Kieran Trippier could have been trading the Champions League for the Championship. When his Newcastle career had the falsest of false starts, his debut a dispiriting defeat to Cambridge, his new team in the drop zone, the temptation was to wonder quite what he had swapped Atletico Madrid for. Sixteen months later, the answer is becoming clearer: with one more win, Trippier will be back in the Champions League.
For Dan Burn, Newcastle’s takeover and the concurrent injections of ambitions and funds initially brought a different sense. By his own admission, it seemed his chance of playing for Newcastle, the club he supported in his boyhood in Blyth, was over. Now an unconventional journey from non-league to Champions League will be completed with one more victory.
Burn represents the feelgood story in Newcastle’s rise, the ungainly, endearing local who, at 31, scored a first league goal for United to enable them to imagine dates with Barcelona or Bayern Munich. Trippier has proved still more of a catalyst. Two swings of a set-piece specialist’s right book brought two goals – one headed in by an opponent, one a teammate – though only one qualified as an assist. But, even as Callum Wilson added to his rich vein of form with a goal and an assist in an emphatic end, full-backs powered Newcastle forward.
Money has helped but when Trippier agreed to be the first signing of the new regime, he brought credibility, offering others reasons to join. Bruno Guimaraes, who followed him to St James’ Park in January 2022, illustrated his impact again with the injury-time fourth against Brighton; without Trippier, would he have signed? A trailblazer has been a leader in other respects: the armband resides with Trippier and he is on course to become the first player since Alan Shearer two decades ago to captain Newcastle in the Champions League. Shortlisted for the Premier League player of the year award earlier in the day, he helped restore Newcastle to winning ways.
After a solitary point from their previous two games, albeit from fine performances, Newcastle have momentum again. Monday’s game against a Leicester side seemingly in freefall could end their exile from Europe. They have the insurance policy of a final-day trip to Chelsea. They would not need either result if Liverpool were to lose on Saturday; the chances, though, are that Newcastle will do it in front of their own public. Given their home form – this was a fifth win in six on their own turf – it might feel fitting. Brighton had seemed to provide the greatest obstacle in the final fortnight of a season of overachievement but the conquerors of Arsenal could not produce a repeat performance in the North East.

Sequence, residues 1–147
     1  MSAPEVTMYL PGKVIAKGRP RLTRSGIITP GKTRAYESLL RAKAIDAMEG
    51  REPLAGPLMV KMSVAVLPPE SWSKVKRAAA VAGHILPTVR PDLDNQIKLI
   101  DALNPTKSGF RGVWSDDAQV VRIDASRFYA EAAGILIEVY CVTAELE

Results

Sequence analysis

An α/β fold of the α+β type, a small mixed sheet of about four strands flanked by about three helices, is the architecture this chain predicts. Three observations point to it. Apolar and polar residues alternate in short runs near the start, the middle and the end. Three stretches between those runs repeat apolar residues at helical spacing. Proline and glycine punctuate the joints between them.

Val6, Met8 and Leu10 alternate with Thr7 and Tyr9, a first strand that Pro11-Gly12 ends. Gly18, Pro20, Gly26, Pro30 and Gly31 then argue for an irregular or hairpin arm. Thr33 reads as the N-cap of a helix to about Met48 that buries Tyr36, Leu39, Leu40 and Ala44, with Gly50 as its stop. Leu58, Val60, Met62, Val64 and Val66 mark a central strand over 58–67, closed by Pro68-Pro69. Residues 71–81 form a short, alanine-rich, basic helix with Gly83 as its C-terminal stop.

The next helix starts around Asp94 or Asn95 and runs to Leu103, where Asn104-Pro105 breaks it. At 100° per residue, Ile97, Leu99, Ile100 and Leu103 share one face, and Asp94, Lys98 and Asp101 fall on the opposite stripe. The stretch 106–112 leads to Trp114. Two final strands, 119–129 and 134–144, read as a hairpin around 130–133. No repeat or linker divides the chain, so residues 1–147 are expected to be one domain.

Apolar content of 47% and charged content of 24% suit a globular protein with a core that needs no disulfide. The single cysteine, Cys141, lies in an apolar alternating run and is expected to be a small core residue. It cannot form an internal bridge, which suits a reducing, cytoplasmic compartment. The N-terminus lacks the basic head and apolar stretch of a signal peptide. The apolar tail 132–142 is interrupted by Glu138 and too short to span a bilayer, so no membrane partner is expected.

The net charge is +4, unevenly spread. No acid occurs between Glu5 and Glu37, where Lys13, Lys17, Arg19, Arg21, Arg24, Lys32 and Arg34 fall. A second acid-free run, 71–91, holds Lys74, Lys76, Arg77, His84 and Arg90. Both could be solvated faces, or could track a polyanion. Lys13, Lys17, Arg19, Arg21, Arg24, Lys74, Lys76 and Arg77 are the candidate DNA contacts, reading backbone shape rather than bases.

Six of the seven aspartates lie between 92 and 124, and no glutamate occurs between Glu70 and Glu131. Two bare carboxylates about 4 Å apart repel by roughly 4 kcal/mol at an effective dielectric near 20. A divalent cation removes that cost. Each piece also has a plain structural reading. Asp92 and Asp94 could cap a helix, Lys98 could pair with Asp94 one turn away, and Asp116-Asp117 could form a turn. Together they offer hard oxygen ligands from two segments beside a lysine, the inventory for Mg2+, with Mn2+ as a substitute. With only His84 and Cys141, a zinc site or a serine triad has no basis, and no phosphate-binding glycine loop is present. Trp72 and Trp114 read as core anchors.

Newcastle prevailed after the almost statutory ferocious start at St James’ Park, the latest demonstration of this side’s running power, but because of two late goals and the platform laid by the class of Trippier’s dead-ball delivery. It is a way of adding another dimension as a corner and a free kick sufficed instead.
He received inadvertent assistance from Deniz Undav; the cliché of a game of two halves had a certain truth in his case. In a disastrous first, Brighton’s German striker scored an own goal and conceded the free kick for Newcastle’s second. In a more auspicious second, he added to his strike against Arsenal by scoring against another of the top three, beating Nick Pope after racing on to Billy Gilmour’s pass. It means Newcastle only have a solitary clean sheet in their last 16 league games.
They built from the back in the first half of the season. Defenders had to show a solidity in a nervy second half but proved the best form of attack before the break. When Trippier whipped in a corner, Undav only succeeded in glancing his header beyond Steele. When Trippier curled in a free kick, Burn, all 6ft 7in of him, rose highest to plant in a header; it was one way of repaying Brighton for allowing him to get his dream move last January.
Brighton had performed a demolition job on Arsenal four days earlier; this, however, was a weaker Albion with Alexis Mac Allister, Evan Ferguson and Julio Enciso benched. Roberto de Zerbi sent for the cavalry when he brought them on in a triple substitution. And then, when they threatened to procure a point, the dam burst. Steele had made stunning saves from Miguel Almiron and Alexander Isak. Wilson had missed a sitter.
But then his golden run continued. Wilson’s seventh goal in five games was slotted past Steele after Almiron carried the ball from deep in his half and released him; that, in turn, stemmed from Trippier winning possession by his own corner flag. Wilson then had the selflessness to tee up Guimaraes for a tap-in. His alliance with Eddie Howe began nine years ago, when Bournemouth signed the striker from League One Coventry. And now a very different league beckons for both.